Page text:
Todd Lang, executive director of the Arizona CItizens Clean Elections Commission, says his staff doesn't micromanage campaigns. However, he said the commission is aware of the tension between not wanting to interfere and keeping i mind that candidates are spending public money.

Alyssa Newcomb, Cronkite News Service

Saying a quick answer is needed, the Citizens Clean Election Commission asked the Court of Appeals on Wednesday to overturn a trial judge’s decision allowing candidates to take a lot more money from political supporters.

Tom Collins, the commission’s executive director, said his board believes the judge erred in concluding that lawmakers are free to reset the donation limits to whatever they want. The commission believes those limits are linked to the parallel public funding system which, by virtue of being enacted by voters, is protected from legislative tinkering.

Potentially more significant, Collins said that last week’s ruling by Maricopa County Superior Court Judge Mark Brain allowed candidates for legislative office to immediately start accepting up to $4,000 from individual donors and political action committees. The old limits — the one Collins is trying to have restored — cap that at $440.

The new law also allows legislative candidates to take unlimited dollars from all political action committees, superseding a $14,688 limit. And it eliminates the $6,390 lid on the amount any one individual or PAC can give to all candidates in any given year.

Collins said that the longer the appellate court takes to resolve the issue — he hopes in favor of the commission — the more time candidates will believe they can take and spend these bigger donations.

“(We want to) make sure that folks who are giving money, folks who are taking money and folks who enforce the law ... and any voter has some certainty about what the rules of the road are,” he said.

In the interim, those larger donations are legal.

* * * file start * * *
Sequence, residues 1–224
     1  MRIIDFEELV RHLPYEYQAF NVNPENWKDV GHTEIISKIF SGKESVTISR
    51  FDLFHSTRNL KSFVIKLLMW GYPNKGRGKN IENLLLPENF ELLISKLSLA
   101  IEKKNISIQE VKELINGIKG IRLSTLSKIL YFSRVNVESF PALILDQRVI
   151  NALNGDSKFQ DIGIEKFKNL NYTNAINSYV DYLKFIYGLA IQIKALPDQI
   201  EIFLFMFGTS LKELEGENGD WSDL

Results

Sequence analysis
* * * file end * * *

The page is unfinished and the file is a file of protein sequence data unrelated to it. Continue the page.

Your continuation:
Michael Liburdi, who represents Republican legislative leaders who defended the change, said that frees up candidates to spend the money they get. More to the point, he contends they are free to keep the larger donations now being collected even if an appellate court subsequently overturns Brain’s ruling.

And Liburdi said Wednesday he will fight any challenge to that ruling.

“We are going to vigorously defend the free speech rights of all Arizonans,” he said. That is based on the argument by supporters of the higher limits that there is a constitutional right not only of individuals to give what they want but also for candidates to be able to gather enough in private donations to wage an effective campaign.

Voters approved the Citizens Clean Elections Act in 1998.

It allows — but does not require — candidates for statewide and legislative office to get public funds for their campaigns if they agree not to take private dollars. Most of the cash comes from a surcharge on civil, criminal and traffic fines, with the amount of money dependent on the office sought.

Part of what voters approved also said that the donation limits available to privately financed candidates, first enacted in 1986, would be reduced by 20 percent.

That same year, voters approved a constitutional amendment blocking lawmakers from altering or repealing anything enacted at the ballot without taking the issue back to voters. The only exception in the Voter Protection Act is with a three-fourths vote of both the House and Senate — and only if the change furthers the purpose of the original measure.

The sharp increase in donations and the related changes were approved by lawmakers earlier this year, without the three-fourths margin.

Brain ruled last week they were free to do that.

He said the 1998 initiative never enacted new specific limits on private donations. And that, said Brain, left lawmakers free to set them wherever they want, subject only to that 20 percent reduction.

In his legal filings to the Court of Appeals, commission attorney Joe Kanefield questioned the logic of Brain’s conclusion.

“If the Legislature could increase or eliminate the campaign contribution limits without complying with the Voter Protection Act’s requirements, the reform voters effected ... would be destroyed,” he wrote.

“If the Voter Protection Act does not apply, (the law) would be reduced to a meaningless arithmetic game, decreasing by 20 percent whatever limits the Legislature chooses to set,’’ Kanefield continued. And he said that would free the Legislature to “just outright cancel the limit,” as it did with the cap on total donations from PACs.

“The voters enshrined the Voter Protection Act in the Constitution to prevent exactly such legislative gamesmanship,” Kanefield said.

The appellate judges agreed late Wednesday to consider the request on Oct. 9, giving Liburdi and his clients seven business days to respond.

Changes in laws on how much money contributors are allowed to give political candidates, and how much candidates can accept. All figures are for a two-year election cycle, unless noted otherwise.

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